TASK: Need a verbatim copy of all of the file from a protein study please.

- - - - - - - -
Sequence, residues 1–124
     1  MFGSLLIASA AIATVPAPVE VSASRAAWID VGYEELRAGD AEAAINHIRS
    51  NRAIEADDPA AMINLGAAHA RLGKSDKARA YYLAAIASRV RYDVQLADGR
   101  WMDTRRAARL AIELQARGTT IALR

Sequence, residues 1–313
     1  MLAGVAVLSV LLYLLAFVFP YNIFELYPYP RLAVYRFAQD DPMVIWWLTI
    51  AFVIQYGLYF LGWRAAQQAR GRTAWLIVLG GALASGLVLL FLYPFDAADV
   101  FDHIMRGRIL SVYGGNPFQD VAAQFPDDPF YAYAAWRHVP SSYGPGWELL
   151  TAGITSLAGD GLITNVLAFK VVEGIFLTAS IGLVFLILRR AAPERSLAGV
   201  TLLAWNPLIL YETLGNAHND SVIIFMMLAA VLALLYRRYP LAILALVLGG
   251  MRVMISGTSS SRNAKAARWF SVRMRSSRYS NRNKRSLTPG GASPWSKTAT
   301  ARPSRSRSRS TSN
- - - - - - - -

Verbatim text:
Sequence, residues 1–124
     1  MFGSLLIASA AIATVPAPVE VSASRAAWID VGYEELRAGD AEAAINHIRS
    51  NRAIEADDPA AMINLGAAHA RLGKSDKARA YYLAAIASRV RYDVQLADGR
   101  WMDTRRAARL AIELQARGTT IALR

Sequence, residues 1–313
     1  MLAGVAVLSV LLYLLAFVFP YNIFELYPYP RLAVYRFAQD DPMVIWWLTI
    51  AFVIQYGLYF LGWRAAQQAR GRTAWLIVLG GALASGLVLL FLYPFDAADV
   101  FDHIMRGRIL SVYGGNPFQD VAAQFPDDPF YAYAAWRHVP SSYGPGWELL
   151  TAGITSLAGD GLITNVLAFK VVEGIFLTAS IGLVFLILRR AAPERSLAGV
   201  TLLAWNPLIL YETLGNAHND SVIIFMMLAA VLALLYRRYP LAILALVLGG
   251  MRVMISGTSS SRNAKAARWF SVRMRSSRYS NRNKRSLTPG GASPWSKTAT
   301  ARPSRSRSRS TSN